Friday, 1 June, 2012
Last night, 31 May 2012, Roberta Atherton attended a showing of Nicky’s family, hosted by the Refugee Council at the beautiful Liberal Jewish Synagogue (LJS) in St John’s Wood.
In her introduction, Rabbi Alexandra Wright reflected on what an appropriate venue the Synagogue was to show the film. It is a calming place of sanctuary, just as Nicky’s family reflects the deliverance of 669 children from the horrors of World War II to the safety of their new families and lives in the UK. With over 100 years of history of raising funds and providing social services to the destitute in London, the LJS was also a fitting place for the Refugee Council to appeal for funding to continue their crucial work with displaced people.
The film Nicky’s family recounts the remarkable story of a seemingly ordinary young English man, who became aware of the plight of refugees and their children fleeing Nazi occupation in Czechoslovakia. After hatching a plan to save the lives of as many children as he could, Nicholas Winton faced huge diplomatic and logistical challenges and was acutely sensitive that timely action was vital. But with his trademark dogged determination, a flair for the creative and an active sense of humour, Nicholas Winton never gave up and was able to successfully organise the mass rescue of the children as part of what is now known as the Kindertransport. What he never anticipated were the incredibly far-reaching consequences of his actions.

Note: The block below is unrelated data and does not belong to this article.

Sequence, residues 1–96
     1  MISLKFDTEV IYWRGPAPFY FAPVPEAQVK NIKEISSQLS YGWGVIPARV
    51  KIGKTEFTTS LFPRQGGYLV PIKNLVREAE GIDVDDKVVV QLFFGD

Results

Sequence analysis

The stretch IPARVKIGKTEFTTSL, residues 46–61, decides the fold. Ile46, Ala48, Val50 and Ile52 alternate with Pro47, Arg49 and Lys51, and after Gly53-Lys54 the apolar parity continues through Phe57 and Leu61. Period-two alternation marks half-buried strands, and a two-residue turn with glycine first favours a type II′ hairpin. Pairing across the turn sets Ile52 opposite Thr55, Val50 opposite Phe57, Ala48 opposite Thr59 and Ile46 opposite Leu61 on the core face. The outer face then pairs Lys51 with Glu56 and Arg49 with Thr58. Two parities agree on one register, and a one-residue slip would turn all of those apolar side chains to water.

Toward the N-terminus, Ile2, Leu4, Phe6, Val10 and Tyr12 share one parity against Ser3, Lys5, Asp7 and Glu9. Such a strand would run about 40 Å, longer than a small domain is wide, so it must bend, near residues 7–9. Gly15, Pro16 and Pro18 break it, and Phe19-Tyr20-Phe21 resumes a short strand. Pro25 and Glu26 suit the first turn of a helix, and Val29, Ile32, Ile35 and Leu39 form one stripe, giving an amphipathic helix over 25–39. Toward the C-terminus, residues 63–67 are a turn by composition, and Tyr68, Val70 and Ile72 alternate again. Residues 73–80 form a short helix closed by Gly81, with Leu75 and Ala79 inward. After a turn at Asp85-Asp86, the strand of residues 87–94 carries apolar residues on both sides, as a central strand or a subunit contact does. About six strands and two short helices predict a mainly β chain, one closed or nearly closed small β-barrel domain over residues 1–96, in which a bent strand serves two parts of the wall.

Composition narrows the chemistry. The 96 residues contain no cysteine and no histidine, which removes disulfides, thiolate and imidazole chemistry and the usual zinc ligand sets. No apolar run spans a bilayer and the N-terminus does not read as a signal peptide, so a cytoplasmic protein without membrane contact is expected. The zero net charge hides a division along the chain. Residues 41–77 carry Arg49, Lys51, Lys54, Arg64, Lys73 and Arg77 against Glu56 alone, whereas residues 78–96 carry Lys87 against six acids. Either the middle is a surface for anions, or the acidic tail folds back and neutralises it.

While the refugee children were adjusting and growing into British life in at times devastating, heart-warming and funny ways, Winton moved on with his own life. In fact his story became buried for around 50 years, until the production and airing of an exceptionally poignant episode of That’s Life in 1988.
Nicky’s family pays tribute to the vast and inspirational impact of the actions of one unassuming man in communities across the world. The Kindertransportees, and their thousands of international descendants (Nicky’s ‘family’) have often gone on to achieve great things and draw inspiration from the story of Winton, to whom they all quite literally owe their lives. In fact, as a result of people from numerous different countries being moved by the story of Nicky and his family, educational and humanitarian programmes have commenced in his honour all over the world.
Nicholas Winton has just celebrated his 103rd birthday, in a lifetime of quietly taking actions to support his community and people of other communities. We can take inspiration from his story, by learning about and reaching out to those who have fled persecution and are starting new lives in Britain today. We can respect each other’s differences and make sure we are doing our part to prevent hatred and discrimination in our country.